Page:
Marika Hackman’s debut album has finally arrived, marking an incredibly promising start for the 23 year old solo artist. Coming after three years of hard graft, in whcih se teamed up with the likes of Leeds boys Alt-J as well as folk powerhouse Laura Marling, this album proves to be a purposeful and powerful statement of intent.
Kicking things off, the album’s lead single ‘Drown’ sets the tone with its spooky atmosphere. This is followed by ‘Before I Sleep’ maintaining the animalistic imagery and unnerving melodies. This is an album of understated and melancholic songs which, though interesting at first, soon becomes a little monotonous. You have to wonder how many songs you could really pick out individually that are worth a second listen.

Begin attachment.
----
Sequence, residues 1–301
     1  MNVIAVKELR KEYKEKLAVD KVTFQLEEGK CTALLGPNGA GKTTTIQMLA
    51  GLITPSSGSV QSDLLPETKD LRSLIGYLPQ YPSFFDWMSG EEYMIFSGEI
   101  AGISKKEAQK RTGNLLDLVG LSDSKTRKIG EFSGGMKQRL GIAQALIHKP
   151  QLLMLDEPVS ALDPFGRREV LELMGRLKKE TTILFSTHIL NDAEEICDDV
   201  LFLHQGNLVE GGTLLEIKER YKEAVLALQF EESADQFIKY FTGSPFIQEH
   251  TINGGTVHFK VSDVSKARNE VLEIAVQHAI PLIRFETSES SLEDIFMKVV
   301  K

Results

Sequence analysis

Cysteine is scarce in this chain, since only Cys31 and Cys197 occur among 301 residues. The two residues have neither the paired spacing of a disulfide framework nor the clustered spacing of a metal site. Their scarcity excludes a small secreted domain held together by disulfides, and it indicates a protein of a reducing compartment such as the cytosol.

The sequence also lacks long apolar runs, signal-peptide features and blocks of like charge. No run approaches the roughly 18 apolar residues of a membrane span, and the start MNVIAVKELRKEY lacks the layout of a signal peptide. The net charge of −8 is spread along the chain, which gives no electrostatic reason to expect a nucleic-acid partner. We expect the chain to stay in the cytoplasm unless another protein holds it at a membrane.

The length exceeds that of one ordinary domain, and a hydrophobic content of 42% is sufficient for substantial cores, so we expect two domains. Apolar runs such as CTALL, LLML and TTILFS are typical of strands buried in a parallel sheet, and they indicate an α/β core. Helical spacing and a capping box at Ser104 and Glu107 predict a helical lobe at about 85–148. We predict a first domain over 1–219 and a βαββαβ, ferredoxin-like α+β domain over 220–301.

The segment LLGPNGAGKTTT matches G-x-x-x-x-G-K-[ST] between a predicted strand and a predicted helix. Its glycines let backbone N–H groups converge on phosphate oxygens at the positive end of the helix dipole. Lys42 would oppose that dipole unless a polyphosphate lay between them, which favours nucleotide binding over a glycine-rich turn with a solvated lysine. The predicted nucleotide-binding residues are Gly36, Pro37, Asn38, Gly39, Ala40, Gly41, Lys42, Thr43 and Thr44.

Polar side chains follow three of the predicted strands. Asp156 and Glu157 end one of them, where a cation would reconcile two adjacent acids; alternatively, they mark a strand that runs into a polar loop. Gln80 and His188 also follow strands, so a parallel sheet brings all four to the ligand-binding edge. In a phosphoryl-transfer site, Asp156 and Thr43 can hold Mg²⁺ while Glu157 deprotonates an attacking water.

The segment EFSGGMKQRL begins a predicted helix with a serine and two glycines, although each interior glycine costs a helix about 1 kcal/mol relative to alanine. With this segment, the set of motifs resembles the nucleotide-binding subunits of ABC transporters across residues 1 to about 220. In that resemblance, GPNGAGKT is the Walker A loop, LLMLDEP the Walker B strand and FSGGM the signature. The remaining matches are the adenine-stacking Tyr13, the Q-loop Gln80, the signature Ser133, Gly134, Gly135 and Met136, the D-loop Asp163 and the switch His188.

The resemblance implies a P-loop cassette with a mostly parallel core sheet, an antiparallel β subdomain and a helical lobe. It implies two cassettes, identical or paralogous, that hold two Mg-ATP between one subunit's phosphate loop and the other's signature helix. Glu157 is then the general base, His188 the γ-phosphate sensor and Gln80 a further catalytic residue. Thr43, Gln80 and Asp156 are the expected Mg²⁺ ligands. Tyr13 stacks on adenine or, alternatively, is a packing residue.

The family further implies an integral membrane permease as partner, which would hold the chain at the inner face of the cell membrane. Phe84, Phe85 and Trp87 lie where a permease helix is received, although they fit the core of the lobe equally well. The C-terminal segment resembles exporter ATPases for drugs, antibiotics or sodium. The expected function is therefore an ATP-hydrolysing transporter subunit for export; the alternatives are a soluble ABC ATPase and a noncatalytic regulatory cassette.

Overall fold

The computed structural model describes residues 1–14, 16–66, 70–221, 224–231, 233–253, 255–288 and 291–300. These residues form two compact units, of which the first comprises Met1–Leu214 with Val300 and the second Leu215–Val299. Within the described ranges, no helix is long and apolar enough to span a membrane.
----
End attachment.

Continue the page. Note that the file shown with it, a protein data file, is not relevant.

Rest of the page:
The only genuine high point the album comes in the form of ‘Animal Fear’. It’s hard to define this kind of music; it sits right on the threshold between folk and rock. The gloomy ambience stands out but it’s only once this track in to slide more towards the indie-folk section as an upbeat and cheery guitar-filled chorus that it really shines for me, which giving a new flavour to Hackman. That said, while the other singles make for a good listen they don’t have that press-repeat effect that ‘Animal Fear’ does.
This is a good start for Marika Hackman, she establishes herself and her preference for the dark and the glum, but this consistency means the individual songs never manage to be memorable. Hers is a sound you won’t necessarily forget, it’s just tough to say that it’s one that invites you back for more.